Citizen Files Ethics Complaint Against Wendy Davis

Davis allegedly broke disclosure law

wendy davis, by Kevin Palmer, January 27, 2014 –
AUSTIN, Texas — A Texas citizen filed a complaint before the Texas Ethics Commission Monday afternoon, alleging that State Senator and gubernatorial candidate Wendy Davis (D-Fort Worth) knowingly misrepresented her assets on her annual Personal Financial Statements.

The complainant, Lou Ann Anderson of Temple, alleges that Davis failed to disclose her ownership of stocks and mutual funds, capital gains made on the sale of those mutual funds, interest earned on several bank accounts, and professional ties to registered lobbyists associated with a law firm at which she is employed. Davis allegedly failed to make these financial disclosures on three of the four Personal Financial Statements she has filed since taking office in 2009. Watchdog Wire has obtained copies from 2010, 2011, and 2012.

Davis disclosed ownership of a single stock and two mutual funds on each of her Personal Financial Statements, but reported ownership of several additional mutual funds on her income tax returns for each corresponding year (2010, 2011, and 2012). Davis’ 1040 and 1099-B forms include over 40 pages of proceeds from mutual fund transactions, and reveal that the Senator reported to the IRS that she bought and sold several mutual funds that made capital gains and losses during the years 2010-2012, but did not report any such activity to the state in her Personal Financial Statements for those years.

The complaint alleges that this failure to disclose violates the Texas State Code, which requires state officers and candidates for office to make public a variety of assets, including bank accounts, stocks, bonds, mutual funds, capital gains, interest earned, businesses and properties owned, rents, royalties, and other forms of wealth. This law went into effect in its present form in 1993, during the administration of Gov. Ann Richards (D), and is intended to “strengthen the faith and confidence of the people in state government” by increasing transparency and helping to ensure that conflicts of interest do not occur.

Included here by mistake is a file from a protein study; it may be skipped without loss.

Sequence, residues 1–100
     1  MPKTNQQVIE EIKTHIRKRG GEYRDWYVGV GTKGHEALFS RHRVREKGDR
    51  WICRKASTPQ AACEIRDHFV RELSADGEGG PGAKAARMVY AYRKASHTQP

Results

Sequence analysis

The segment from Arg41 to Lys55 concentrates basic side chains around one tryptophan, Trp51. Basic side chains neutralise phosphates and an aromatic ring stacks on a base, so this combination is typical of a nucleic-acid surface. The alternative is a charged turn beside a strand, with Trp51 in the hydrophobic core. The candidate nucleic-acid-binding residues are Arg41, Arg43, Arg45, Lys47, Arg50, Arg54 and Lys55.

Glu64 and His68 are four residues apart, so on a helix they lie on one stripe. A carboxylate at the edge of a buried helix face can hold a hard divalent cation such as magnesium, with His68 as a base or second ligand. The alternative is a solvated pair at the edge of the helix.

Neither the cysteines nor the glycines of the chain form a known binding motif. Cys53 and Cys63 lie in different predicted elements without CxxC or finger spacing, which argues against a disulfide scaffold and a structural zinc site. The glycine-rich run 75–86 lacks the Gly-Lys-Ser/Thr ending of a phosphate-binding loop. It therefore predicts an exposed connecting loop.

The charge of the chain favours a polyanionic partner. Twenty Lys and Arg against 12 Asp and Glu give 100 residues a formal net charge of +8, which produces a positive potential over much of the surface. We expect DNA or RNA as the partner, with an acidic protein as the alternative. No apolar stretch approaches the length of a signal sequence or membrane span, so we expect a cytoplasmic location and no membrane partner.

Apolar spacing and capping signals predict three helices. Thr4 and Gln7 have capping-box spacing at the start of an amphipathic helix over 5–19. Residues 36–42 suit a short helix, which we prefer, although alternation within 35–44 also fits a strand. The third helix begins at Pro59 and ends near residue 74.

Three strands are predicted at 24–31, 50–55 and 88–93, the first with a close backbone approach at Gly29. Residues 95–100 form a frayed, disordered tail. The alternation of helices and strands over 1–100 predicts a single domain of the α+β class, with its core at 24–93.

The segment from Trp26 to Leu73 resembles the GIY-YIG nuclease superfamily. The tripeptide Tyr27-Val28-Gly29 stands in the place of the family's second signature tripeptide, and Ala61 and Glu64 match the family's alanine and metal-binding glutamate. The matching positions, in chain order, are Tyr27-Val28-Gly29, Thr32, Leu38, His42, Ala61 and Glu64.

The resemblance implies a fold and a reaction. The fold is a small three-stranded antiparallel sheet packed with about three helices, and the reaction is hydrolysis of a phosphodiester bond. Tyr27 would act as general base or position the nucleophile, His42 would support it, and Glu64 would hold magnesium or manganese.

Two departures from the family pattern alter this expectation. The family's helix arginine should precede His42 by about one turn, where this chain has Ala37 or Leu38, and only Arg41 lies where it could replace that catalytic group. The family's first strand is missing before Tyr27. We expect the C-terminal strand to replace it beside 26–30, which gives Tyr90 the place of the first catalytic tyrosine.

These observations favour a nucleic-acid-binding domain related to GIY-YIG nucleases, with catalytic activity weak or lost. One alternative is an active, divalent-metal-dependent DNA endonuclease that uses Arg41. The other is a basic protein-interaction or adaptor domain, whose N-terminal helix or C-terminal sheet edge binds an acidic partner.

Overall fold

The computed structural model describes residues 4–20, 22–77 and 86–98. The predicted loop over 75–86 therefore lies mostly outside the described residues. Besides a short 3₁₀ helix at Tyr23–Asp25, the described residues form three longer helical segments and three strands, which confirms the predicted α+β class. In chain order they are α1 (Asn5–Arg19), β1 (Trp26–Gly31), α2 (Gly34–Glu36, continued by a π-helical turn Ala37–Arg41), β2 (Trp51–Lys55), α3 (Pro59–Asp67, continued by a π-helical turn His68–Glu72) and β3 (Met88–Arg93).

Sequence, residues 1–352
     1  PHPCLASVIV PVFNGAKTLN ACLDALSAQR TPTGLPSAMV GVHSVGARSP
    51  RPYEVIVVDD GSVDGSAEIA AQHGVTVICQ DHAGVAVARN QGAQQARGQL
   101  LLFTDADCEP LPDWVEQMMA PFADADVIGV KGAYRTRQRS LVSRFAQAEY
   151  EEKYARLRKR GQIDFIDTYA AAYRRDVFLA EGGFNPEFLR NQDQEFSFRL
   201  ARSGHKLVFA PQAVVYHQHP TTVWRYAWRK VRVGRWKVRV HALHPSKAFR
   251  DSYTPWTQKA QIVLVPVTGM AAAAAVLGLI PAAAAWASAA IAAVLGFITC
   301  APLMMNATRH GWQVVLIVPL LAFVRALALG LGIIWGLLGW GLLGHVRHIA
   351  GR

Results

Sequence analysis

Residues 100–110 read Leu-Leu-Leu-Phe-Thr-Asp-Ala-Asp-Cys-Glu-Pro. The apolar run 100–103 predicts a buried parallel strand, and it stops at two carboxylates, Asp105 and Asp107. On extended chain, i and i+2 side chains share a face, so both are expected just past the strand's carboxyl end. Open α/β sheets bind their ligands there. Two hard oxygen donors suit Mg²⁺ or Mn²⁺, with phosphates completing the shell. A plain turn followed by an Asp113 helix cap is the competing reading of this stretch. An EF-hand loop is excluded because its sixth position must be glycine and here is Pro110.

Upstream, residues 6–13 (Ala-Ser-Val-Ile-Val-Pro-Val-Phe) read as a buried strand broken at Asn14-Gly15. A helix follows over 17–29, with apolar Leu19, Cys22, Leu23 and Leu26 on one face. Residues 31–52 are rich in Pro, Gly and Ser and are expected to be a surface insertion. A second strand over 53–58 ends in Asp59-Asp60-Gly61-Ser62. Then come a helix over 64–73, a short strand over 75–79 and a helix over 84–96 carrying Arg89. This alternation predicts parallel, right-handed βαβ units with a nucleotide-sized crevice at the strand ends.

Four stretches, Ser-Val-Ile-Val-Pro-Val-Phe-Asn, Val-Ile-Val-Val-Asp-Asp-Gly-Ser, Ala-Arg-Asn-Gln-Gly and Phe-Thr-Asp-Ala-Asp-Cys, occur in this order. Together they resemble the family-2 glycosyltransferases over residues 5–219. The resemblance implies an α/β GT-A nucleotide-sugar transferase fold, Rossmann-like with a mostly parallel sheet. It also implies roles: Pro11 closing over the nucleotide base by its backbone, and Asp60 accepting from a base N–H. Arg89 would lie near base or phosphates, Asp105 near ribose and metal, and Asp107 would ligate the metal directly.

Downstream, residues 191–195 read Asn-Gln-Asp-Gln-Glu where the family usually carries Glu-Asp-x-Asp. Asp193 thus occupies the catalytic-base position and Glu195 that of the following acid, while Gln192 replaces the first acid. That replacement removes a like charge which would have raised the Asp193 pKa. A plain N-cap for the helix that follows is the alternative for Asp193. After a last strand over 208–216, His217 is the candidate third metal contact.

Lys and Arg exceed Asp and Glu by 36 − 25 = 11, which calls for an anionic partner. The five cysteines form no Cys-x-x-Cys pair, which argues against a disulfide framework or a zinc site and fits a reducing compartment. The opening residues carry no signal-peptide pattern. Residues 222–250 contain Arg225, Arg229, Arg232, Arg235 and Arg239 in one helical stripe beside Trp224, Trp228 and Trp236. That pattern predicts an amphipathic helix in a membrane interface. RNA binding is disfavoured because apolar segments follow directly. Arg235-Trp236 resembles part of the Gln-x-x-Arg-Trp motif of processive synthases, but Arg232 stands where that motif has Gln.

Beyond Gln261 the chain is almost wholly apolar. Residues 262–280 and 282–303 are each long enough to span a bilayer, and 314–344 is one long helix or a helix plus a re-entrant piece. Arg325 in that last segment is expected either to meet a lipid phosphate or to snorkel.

Each state officeholder in Texas–including Davis and her 180 colleagues in the Texas Legislature–is required to file a Personal Financial Statement by April 30 of each year, covering their financial activity from the previous year. The complaint against Davis alleges that the Senator repeatedly failed to disclose the same funds, capital gains, and bank accounts on her 2010, 2011, and 2012 reports, despite reporting each of these to the IRS each year.

The complaint against Davis comes at a tumultuous time for her gubernatorial campaign. Last week, a Dallas Morning News report highlighted discrepancies in Davis’ personal story, including her age at the time of her first divorce and her living conditions during her youth and young adulthood. Davis’ second ex-husband, Jeff Davis, also disclosed in an interview that he financed much of Wendy Davis’ Harvard Law School education, and was the primary caregiver to her children–including one from her first marriage, to Frank Underwood–during her years in Cambridge, MA. Jeff Davis won custody of the children when the couple divorced in 2005.

Davis has also recently come under fire for a remark she made about her presumptive Republican opponent, attorney general Greg Abbott, stating, “he has never walked a mile in my shoes.” Abbott has been unable to walk since a 1984 accident, which left him paralyzed from the waist down.

Once the complaint is processed by the Ethics Commission, Davis will have 30 days to respond in writing. If the commission deems that Davis “knowingly and willfully failed to file a financial statement” that covered her assets, she may be subject to both civil penalties and criminal prosecution.

The commission may impose up to $10,000 in civil fines, and may also turn a case over to state prosecuting attorneys for criminal prosecution. Failure to comply with the personal financial disclosure requirements is a Class B misdemeanor, punishable by up to $2,000 in fines and 180 days in jail.

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